The Director of the Federal Bureau of Investigation (Hoover) to the Assistant Secretary of State (Berle)

Dear Mr. Berle: The official English translation of a statement released on the morning of April 7, 1944, by Fedor T. Orekhov, First Secretary and Press Representative of the Soviet Embassy, regarding Viktor Andreevich Kravchenko is as follows:

“The Press Division of the Soviet Union in Washington considers it necessary to give the following explanation in regards to the hostile towards the Soviet Union statements published on April 4 in the New York Times5 and some other newspapers.

“Kravchenko lies stating that he was in charge in the Division of Metals in the Soviet Purchasing Commission. In reality, Kravchenko was neither a member of the Soviet Purchasing Commission nor was he in charge of the Metals Division of the Commission.

“Being in Military Service, sent for temporary work at the disposal of the Purchasing Commission in the United States in the capacity of one of the inspectors of pipes, Kravchenko had to return to the Soviet Union to continue his military service. Two weeks before the date of his forthcoming departure to the USSR to serve in the Red Army Kravchenko betrayed his military duties and became a deserter, having refused to return to his motherland for military service. To cover his diversion, he made slanderous statements about the USSR on the pages of certain New York newspapers. The statements of Kravchenko do not require any denial in view of their evidently false character.

Signed, Press Division of the USSR
April the 7th.”

I thought that in view of the representations made by the Soviet Embassy you would be interested in knowing that Viktor Andreevich Kravchenko had informed representatives of this Bureau prior to the release of the foregoing statement that he had served in the Red Army as Captain of an Engineering Battalion from August, 1941 until the Spring of 1942 when he was hospitalized for frozen legs and was discharged [Page 1226] under a Soviet Government order because of his engineering experience. He was thereupon, according to his statement, appointed Chief Engineer for thirteen factories in the Moscow district and prior to his assignment to the United States he became Chief of the Section of Engineer Armament for the Council of Peoples’ Commissars in Moscow. His duties in the United States were those of an Engineer Inspector of Materials in the Metals Division of the Soviet Government Purchasing Commission.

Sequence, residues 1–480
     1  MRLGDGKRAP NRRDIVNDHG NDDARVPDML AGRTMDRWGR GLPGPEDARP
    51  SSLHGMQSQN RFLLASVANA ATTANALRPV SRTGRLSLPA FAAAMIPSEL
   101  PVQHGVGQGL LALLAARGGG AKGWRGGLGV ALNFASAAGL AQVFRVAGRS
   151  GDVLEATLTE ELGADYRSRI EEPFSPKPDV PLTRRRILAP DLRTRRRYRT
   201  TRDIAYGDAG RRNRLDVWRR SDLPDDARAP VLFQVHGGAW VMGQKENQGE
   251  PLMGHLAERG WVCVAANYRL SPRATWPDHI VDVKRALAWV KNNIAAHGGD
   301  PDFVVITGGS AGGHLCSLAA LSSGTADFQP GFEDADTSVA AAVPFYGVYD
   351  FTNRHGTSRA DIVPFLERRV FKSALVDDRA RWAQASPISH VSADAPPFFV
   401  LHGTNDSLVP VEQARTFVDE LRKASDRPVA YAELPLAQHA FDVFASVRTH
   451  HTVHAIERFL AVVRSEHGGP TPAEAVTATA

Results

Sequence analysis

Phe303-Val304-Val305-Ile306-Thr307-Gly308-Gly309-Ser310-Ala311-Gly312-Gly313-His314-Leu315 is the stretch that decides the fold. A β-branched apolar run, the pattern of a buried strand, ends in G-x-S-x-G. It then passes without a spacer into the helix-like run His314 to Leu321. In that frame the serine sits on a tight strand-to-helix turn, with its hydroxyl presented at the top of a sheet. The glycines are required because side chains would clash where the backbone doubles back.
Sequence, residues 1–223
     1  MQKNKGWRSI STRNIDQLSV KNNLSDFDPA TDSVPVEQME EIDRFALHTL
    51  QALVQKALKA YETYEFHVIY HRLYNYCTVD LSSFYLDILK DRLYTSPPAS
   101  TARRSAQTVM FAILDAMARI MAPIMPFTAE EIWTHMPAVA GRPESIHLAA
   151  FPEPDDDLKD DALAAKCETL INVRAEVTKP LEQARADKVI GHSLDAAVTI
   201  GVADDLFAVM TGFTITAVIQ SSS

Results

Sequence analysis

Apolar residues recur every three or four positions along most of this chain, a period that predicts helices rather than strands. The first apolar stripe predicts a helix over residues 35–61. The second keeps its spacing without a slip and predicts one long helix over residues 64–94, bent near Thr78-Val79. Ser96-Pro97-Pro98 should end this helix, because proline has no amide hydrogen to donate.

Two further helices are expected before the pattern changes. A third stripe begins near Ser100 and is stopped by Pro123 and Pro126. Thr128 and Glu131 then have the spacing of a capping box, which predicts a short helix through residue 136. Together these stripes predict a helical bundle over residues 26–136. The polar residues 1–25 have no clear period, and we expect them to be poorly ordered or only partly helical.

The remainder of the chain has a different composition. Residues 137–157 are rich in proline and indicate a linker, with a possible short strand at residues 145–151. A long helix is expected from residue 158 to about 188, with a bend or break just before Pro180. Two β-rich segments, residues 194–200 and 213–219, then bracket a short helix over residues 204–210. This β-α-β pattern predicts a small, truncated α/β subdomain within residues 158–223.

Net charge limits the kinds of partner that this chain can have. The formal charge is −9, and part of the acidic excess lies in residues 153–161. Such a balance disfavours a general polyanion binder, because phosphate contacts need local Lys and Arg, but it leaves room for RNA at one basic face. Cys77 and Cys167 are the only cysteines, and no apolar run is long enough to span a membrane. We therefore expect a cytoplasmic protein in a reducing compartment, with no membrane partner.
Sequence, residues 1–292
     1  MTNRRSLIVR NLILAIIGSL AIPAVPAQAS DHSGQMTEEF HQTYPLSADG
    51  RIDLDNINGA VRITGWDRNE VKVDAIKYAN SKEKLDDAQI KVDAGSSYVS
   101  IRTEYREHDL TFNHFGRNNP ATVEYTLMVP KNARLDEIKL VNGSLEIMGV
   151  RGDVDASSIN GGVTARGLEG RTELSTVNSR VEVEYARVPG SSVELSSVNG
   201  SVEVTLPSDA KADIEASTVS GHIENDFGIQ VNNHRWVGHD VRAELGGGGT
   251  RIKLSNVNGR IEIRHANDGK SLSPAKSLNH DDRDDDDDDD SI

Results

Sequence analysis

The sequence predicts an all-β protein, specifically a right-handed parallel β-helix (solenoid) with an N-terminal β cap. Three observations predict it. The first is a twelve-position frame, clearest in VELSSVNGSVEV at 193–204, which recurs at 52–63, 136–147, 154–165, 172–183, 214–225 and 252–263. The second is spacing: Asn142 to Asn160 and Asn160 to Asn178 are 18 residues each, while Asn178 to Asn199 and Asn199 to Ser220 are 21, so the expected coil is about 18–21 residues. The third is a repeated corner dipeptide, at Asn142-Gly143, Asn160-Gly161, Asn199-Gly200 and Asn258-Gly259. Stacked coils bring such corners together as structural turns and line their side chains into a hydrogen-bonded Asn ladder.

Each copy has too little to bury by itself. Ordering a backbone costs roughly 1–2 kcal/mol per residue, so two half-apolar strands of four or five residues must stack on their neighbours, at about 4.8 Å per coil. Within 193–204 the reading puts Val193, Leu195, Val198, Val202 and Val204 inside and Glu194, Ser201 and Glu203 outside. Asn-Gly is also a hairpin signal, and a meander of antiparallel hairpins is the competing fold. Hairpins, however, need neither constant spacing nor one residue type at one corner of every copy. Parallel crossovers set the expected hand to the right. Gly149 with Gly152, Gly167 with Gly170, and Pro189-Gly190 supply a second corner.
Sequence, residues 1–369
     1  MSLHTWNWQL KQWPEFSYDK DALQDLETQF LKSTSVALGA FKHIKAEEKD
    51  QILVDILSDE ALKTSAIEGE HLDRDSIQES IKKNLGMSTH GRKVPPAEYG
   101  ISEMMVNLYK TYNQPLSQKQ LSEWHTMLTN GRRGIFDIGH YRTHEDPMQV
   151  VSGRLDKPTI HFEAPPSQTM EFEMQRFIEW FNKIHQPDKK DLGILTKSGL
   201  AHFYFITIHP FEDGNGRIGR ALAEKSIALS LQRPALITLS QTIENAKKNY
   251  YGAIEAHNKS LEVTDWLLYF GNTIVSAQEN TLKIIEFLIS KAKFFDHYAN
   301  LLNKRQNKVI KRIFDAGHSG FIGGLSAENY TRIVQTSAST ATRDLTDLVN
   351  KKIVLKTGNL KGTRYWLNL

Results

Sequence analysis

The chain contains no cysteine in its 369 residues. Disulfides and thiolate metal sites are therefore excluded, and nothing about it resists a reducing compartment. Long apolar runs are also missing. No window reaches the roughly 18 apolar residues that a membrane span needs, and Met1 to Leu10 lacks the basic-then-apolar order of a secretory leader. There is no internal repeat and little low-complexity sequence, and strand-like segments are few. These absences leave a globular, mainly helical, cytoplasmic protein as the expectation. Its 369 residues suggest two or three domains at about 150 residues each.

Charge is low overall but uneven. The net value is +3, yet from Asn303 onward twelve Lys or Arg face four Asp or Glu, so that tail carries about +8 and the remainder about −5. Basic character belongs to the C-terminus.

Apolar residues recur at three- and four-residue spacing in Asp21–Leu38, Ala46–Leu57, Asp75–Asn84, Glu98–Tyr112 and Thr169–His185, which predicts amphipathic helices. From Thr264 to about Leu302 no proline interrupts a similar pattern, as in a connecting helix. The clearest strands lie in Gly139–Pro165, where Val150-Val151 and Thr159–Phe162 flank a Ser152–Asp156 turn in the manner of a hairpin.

[Here follow two paragraphs which concern the proposed promotion and transfer of Kravchenko to the Bureau of Prices within the Government Purchasing Commission of the USSR in the United States.]

I thought you would also be interested to know that Mr. Kravchenko has expressed his intention of writing a personal letter to the Honorable Cordell Hull, Secretary of State, informing him of his resignation from the Soviet Government Purchasing Commission and his now Stateless status. This letter, according to Kravchenko, will express his loyalty to the United States and his desire to be of any possible assistance to the United States Government.

Sincerely yours,

J. Edgar Hoover
  1. In this article headed “Soviet Official Here Resigns”, Kravchenko set forth the motivations for his resignation, and placed himself “under the protection of American public opinion”. His attorney, Louis Waldman, of 302 Broadway, New York City, requested in a letter of April 17, 1944, to the Secretary of State that, “in view of the circumstances surrounding his presence here, that he be permitted to remain in the United States and become a resident thereof.” (861.01B11/154)